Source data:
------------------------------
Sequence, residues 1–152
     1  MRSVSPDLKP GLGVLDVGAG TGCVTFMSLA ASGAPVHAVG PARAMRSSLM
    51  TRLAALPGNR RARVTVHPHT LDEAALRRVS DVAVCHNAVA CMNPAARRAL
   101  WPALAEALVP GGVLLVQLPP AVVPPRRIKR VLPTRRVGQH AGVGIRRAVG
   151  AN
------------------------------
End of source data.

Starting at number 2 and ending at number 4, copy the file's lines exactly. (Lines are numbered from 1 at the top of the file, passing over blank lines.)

     1  MRSVSPDLKP GLGVLDVGAG TGCVTFMSLA ASGAPVHAVG PARAMRSSLM
    51  TRLAALPGNR RARVTVHPHT LDEAALRRVS DVAVCHNAVA CMNPAARRAL
   101  WPALAEALVP GGVLLVQLPP AVVPPRRIKR VLPTRRVGQH AGVGIRRAVG